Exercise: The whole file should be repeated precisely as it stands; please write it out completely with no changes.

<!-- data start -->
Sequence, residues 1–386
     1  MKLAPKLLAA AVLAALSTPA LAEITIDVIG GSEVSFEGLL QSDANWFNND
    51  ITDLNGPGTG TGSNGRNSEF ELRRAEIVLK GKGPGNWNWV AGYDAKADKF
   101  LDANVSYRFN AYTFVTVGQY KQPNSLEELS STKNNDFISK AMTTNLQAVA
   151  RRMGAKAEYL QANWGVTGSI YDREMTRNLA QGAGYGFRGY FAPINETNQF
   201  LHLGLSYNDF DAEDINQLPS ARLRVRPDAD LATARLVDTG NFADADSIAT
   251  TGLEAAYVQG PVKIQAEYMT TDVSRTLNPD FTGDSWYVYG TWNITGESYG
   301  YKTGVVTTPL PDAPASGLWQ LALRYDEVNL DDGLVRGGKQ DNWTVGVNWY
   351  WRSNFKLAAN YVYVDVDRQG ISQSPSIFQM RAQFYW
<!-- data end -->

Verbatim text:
Sequence, residues 1–386
     1  MKLAPKLLAA AVLAALSTPA LAEITIDVIG GSEVSFEGLL QSDANWFNND
    51  ITDLNGPGTG TGSNGRNSEF ELRRAEIVLK GKGPGNWNWV AGYDAKADKF
   101  LDANVSYRFN AYTFVTVGQY KQPNSLEELS STKNNDFISK AMTTNLQAVA
   151  RRMGAKAEYL QANWGVTGSI YDREMTRNLA QGAGYGFRGY FAPINETNQF
   201  LHLGLSYNDF DAEDINQLPS ARLRVRPDAD LATARLVDTG NFADADSIAT
   251  TGLEAAYVQG PVKIQAEYMT TDVSRTLNPD FTGDSWYVYG TWNITGESYG
   301  YKTGVVTTPL PDAPASGLWQ LALRYDEVNL DDGLVRGGKQ DNWTVGVNWY
   351  WRSNFKLAAN YVYVDVDRQG ISQSPSIFQM RAQFYW